Next Generation Science Standards

What do you do when NGSS gets the science wrong?

I was a scientist for about 20 years, but now work for a science education company.  I was shocked to find that NGSS contains quite few misconceptions and that led me here to ask what do teachers do when the standards get the science wrong? Probably the two most important biochemical processes on earth are photosynthesis and cell respiration, yet NGSS get these flat-out, 100% wrong. These are the statements in NGSS that are incorrect:

Cell Respiration:

NGSS DCI PS3.D "The chemical reaction of these molecules with oxygen releases energy." [by the end of grade 8]: "Both the burning of fuel and cellular digestion in plants and animals involve chemical reactions with oxygen that release stored energy."

NGSS DCI LS1.C. [by the end of grade 8]: " In most animals and plants, oxygen reacts with carbon-containing molecules (sugars) to provide energy and produce carbon dioxide."

NGSS DCI LS2.B. [by the end of grade 8]: "for example, when molecules from food react with oxygen captured from the environment, the carbon dioxide and water thus produced"


NGSS DCI PS3. D. "By the end of grade 8. The chemical reaction by which plants produce complex food molecules (sugars) requires an energy input (i.e., from sunlight) to occur. In this reaction, carbon dioxide and water combine to form carbon-based organic molecules and release oxygen. "

How do you, as a teacher, tackle this problem – teach to the standard, or try to explain that the standard is incorrect and teach the science?



Tom Robertson
Tom Robertson
20 Activity Points

Hi, Tom.  

First, I strongly suggest that you post this in the NSTA biology listserv.  You'll get a lot more (and better) responses. Second, can you please explain (a) which parts of these statements are incorrect and (b) how you would suggest they should be stated differently?



Matt Bobrowsky
Matthew Bobrowsky
4280 Activity Points

Hi Matt,

Apologies for the tardy reply!

1. Can you tell me how to send to the NSTA biology listserv please?

2. NGSS state that oxygen and sugars react directly with each other to produce carbon dioxide and water.  This is incorrect.  Sugars are split by glycolysis and move into the mitochondria and enter the krebs cycle.  This produces electron carriers (and CO2 as a side product) that deliver electrons to the electron transport chain that then move down the chain to create a hydrogen ion (proton) gradient that drives ATP synthase.  Oxygen accepts the electrons, which forms water (with hydrogen ions).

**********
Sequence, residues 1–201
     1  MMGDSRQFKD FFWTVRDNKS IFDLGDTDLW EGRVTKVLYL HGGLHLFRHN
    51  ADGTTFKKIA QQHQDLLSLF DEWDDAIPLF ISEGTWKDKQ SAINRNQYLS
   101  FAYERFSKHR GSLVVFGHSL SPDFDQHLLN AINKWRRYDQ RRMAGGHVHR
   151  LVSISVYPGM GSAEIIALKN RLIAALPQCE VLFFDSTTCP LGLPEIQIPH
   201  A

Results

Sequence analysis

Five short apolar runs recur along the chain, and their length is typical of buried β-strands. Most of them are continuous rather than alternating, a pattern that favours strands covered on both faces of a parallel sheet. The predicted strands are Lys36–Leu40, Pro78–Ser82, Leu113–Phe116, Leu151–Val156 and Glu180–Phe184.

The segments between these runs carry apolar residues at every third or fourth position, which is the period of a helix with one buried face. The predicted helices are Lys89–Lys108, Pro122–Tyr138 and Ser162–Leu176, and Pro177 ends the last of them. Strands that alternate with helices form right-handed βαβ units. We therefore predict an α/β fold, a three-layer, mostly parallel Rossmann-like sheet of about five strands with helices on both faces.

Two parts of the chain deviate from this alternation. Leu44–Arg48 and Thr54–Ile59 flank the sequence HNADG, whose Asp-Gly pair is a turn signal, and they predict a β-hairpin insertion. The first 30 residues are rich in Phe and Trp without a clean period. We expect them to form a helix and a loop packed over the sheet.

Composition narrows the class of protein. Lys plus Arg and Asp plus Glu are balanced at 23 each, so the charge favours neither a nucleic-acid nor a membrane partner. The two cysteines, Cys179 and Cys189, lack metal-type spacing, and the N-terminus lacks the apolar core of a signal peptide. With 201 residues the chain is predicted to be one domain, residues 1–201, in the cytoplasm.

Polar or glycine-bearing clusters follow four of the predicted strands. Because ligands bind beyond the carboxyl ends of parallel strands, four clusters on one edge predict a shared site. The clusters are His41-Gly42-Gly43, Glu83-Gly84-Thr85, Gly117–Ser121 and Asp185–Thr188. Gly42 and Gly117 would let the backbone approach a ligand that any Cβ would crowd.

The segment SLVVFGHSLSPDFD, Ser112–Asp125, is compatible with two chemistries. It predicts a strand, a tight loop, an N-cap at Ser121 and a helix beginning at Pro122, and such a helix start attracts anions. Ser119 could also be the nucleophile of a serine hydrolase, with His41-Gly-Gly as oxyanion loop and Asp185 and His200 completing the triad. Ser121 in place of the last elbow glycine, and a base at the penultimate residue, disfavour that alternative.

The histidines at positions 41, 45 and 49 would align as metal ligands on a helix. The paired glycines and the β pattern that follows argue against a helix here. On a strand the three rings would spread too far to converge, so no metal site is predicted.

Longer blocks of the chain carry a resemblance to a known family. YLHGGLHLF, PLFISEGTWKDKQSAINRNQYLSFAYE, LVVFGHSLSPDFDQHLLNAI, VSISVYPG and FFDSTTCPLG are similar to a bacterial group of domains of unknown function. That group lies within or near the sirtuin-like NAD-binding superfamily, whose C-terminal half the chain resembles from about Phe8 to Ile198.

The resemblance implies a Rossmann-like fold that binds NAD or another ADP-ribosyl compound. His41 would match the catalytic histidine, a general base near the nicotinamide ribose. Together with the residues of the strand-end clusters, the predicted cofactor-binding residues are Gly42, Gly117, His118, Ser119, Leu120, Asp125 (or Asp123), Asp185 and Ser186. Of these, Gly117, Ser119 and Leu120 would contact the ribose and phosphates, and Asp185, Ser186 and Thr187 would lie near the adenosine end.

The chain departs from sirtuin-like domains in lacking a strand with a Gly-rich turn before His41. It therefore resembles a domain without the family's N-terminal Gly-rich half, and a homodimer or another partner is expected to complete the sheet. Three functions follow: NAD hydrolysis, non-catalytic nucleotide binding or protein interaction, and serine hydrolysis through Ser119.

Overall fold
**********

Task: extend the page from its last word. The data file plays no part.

3. Photosynthesis: NGSS states that in the presence of light enery carbon dioxide and water react with each other to produce sugars and oxygen.  Light energy is used to excite electrons that move down a transport chain to create a hydrogen ion gradient to drive ATP synthase (similar to cellular respiration). Electrons are provided to the chain by the splitting of water.  The electrons are used to make NADPH.  Carbon dioxide is fixed in the Calvin cycle that uses the ATP and NADPH to create sugars.

If we expect our students to progress to be scientists, I think the standards should get these processes correct.





Tom Robertson
Tom Robertson
20 Activity Points

I believe that the intent was that you share your post with the Biology forum in the Learning Center.

Also, you are referring to the middle school standards in your original post. The intent of the NGSS is to help students develop conceptual understandings. Even at the high school level, assessment of the standards on energy for life does not include the steps of the biochemical pathways involved. I do touch on these even though they are not assessed, especially when students show some interest - and explain that there is so much more that they will learn about the details of the pathways involved should they choose to pursue those interests at the university level. 



Cris DeWolf
Cris DeWolf
11345 Activity Points

I was waiting to see your post in the Life Science forum to see how these teachers responded and didn't see this post. 

The detailed pathways for both cellular respiration and photosynthesis are not spelled out specifically in the statements you provided. That is where the curricula fills in. These are standards, that is guidelines for what students should understand. While the information you provided in your second post is not in the standards, textbooks and instructional materials will include more content information. 

As middle school standards, I do not believe that students will be taught incorrect information but grade-level appropriate information. From my experience, high school instructors will go into the pathways, knowing that the content is not spelled out in the standards, but the expectation of knowing cellular respiration and photosynthesis. When they teach, the details will be provided. Middle School instructors will go in the depth appropriate for their students. 

Bev DeVore-Wedding
Bev Bev DeVore-Wedding
3425 Activity Points

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